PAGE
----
It’s been a melancholic week, even with the serious basement cleaning that D and I accomplished last weekend. (I’m still on my mission to de-clutter.) Stella started back to school on Monday, and she is thrilled to be a second-grader. Thrilled. She comes home full of stories about her day and her new classmates, and I love this. But I can’t help that tug of emotion: She’s growing up too fast! There is nothing we can do to slow the onward march of time! I have also been missing my grandpa a lot this week. At the beginning of each school year, we would figure out which day would be my grandpa day, the day I would take him for errands, get groceries for him, or later, just visit him and make him lunch. This year, Wednesday is the day I have alone with Zoë, and it would have been my new grandpa day, and all day I felt heavy and disoriented knowing that those days are no longer a part of my life.
It doesn’t help, perhaps, that I’m reading Virginia Woolf’s The Death of the Moth and Other Essays. As I make my way through the collection of essays, I keep thinking of my need to make connections, to share experience. But it seems so futile sometimes. Or maybe it’s just that it’s so much work—it takes so much effort—to continue to move forward, stay open to new experiences in the face of the challenges that life provides. Does it sound like a need some kind of renewal? I do.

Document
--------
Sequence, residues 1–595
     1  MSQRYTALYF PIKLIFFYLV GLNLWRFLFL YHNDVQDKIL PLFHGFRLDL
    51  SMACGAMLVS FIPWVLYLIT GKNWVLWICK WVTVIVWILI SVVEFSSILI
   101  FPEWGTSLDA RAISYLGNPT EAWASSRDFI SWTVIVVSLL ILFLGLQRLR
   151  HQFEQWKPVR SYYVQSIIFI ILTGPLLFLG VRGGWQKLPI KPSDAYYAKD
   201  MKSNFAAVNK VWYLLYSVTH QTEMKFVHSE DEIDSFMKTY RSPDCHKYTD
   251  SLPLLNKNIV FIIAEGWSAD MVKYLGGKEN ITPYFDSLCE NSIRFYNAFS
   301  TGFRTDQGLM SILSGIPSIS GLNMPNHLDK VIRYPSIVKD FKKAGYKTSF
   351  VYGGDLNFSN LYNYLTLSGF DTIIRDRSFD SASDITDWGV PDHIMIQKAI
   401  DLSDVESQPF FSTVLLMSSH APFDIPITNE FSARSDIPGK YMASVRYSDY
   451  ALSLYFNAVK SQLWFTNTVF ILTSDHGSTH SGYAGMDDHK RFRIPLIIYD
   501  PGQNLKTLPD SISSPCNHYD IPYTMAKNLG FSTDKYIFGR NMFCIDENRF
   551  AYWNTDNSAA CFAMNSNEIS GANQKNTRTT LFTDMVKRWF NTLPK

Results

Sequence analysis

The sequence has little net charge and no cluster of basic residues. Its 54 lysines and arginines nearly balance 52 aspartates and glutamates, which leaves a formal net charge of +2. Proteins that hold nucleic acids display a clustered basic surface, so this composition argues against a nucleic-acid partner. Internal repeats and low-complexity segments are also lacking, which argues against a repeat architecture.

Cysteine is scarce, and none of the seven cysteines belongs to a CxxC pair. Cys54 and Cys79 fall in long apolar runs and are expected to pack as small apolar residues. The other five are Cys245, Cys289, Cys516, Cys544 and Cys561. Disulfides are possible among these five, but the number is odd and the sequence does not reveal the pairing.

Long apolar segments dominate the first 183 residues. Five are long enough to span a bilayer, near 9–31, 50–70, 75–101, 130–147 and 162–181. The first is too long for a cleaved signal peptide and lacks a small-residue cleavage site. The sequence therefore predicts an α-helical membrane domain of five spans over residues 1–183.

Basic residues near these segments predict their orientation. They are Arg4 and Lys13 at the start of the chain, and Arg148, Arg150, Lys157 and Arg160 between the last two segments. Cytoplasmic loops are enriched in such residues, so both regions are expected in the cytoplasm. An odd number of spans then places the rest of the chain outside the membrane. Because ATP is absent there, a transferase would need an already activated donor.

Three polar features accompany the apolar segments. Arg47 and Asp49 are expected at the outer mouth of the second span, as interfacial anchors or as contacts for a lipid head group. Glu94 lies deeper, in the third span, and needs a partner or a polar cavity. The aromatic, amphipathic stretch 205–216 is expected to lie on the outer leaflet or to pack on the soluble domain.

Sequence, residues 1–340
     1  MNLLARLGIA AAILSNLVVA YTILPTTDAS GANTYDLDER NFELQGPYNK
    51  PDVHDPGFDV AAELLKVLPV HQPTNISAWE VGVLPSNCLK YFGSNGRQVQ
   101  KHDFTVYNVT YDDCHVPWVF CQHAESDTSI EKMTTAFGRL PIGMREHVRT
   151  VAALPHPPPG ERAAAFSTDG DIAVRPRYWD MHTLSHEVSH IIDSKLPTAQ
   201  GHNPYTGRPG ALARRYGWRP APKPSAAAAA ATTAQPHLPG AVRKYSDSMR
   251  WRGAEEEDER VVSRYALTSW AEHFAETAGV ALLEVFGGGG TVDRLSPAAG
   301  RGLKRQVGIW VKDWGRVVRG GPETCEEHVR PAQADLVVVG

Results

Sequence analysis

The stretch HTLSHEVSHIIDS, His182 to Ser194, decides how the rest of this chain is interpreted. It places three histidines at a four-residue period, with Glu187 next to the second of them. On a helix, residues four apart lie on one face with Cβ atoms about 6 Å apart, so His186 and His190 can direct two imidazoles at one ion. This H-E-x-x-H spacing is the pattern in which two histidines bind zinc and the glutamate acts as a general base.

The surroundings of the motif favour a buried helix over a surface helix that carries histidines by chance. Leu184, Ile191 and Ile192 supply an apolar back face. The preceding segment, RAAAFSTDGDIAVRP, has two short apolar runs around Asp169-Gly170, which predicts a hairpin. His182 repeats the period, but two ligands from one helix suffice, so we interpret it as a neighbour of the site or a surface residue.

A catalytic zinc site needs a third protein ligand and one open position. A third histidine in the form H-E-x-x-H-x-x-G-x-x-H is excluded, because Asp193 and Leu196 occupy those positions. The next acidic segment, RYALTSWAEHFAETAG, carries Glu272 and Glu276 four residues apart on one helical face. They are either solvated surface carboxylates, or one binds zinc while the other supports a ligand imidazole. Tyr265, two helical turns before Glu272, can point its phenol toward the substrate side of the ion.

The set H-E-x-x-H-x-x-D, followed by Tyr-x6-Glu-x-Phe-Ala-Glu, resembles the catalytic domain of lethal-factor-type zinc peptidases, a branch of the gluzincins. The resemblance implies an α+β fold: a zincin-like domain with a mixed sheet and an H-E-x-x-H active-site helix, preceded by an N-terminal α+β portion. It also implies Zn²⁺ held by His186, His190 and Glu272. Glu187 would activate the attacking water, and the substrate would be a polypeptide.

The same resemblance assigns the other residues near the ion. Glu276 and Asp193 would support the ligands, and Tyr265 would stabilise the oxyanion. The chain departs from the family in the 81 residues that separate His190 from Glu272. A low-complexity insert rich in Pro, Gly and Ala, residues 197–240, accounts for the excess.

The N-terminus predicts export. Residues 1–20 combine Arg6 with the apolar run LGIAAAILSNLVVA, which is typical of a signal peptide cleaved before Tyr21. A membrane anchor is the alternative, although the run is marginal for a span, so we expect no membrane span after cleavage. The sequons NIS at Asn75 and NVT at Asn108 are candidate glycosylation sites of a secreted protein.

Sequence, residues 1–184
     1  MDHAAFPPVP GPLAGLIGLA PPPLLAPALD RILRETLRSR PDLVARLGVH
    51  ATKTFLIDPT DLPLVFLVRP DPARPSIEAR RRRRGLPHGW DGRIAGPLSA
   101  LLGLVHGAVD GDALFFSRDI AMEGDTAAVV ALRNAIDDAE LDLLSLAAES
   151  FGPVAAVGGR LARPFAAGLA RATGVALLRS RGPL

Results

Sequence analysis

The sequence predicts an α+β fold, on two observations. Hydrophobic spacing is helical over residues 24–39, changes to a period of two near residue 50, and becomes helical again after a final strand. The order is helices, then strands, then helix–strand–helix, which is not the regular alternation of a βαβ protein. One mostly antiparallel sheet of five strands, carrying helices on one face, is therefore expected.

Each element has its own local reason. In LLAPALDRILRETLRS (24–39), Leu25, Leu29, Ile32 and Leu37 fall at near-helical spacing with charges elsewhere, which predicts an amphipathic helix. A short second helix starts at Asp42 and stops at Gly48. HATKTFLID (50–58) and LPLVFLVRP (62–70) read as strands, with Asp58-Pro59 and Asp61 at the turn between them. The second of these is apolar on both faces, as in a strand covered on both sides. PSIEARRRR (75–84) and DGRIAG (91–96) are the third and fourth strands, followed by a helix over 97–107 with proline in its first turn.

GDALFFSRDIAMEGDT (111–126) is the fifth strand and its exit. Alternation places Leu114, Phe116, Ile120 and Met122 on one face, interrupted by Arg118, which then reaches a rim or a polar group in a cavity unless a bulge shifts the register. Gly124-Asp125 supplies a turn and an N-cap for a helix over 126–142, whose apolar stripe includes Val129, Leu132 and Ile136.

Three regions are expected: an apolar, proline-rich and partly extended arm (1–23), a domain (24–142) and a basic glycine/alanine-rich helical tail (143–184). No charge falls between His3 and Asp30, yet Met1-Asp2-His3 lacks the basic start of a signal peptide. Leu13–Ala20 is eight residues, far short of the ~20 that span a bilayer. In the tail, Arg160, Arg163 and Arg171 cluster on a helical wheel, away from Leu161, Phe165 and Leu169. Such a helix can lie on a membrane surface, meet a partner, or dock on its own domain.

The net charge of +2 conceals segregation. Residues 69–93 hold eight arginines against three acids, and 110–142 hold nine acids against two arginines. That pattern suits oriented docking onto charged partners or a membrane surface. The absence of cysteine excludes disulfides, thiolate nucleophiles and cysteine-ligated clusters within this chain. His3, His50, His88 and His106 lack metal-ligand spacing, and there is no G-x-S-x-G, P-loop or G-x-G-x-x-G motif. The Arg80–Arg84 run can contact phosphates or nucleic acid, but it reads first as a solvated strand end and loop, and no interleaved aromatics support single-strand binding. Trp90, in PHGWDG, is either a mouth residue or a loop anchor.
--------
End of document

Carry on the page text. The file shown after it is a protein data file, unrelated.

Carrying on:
My goal for the weekend is to sneak away a few times and sit outside, reading Woolf. Her prose. Oh her prose. I love this:
The rooks too were keeping one of their annual festivities; soaring round the tree tops until it looked as if a vast net with thousands of black knots in it had been cast up into the air; which, after a few moments sank slowly down upon the trees until every twig seemed to have a knot at the end of it.
What’s not to love about that?
I’m wishing you all a lovely, relaxing long holiday weekend.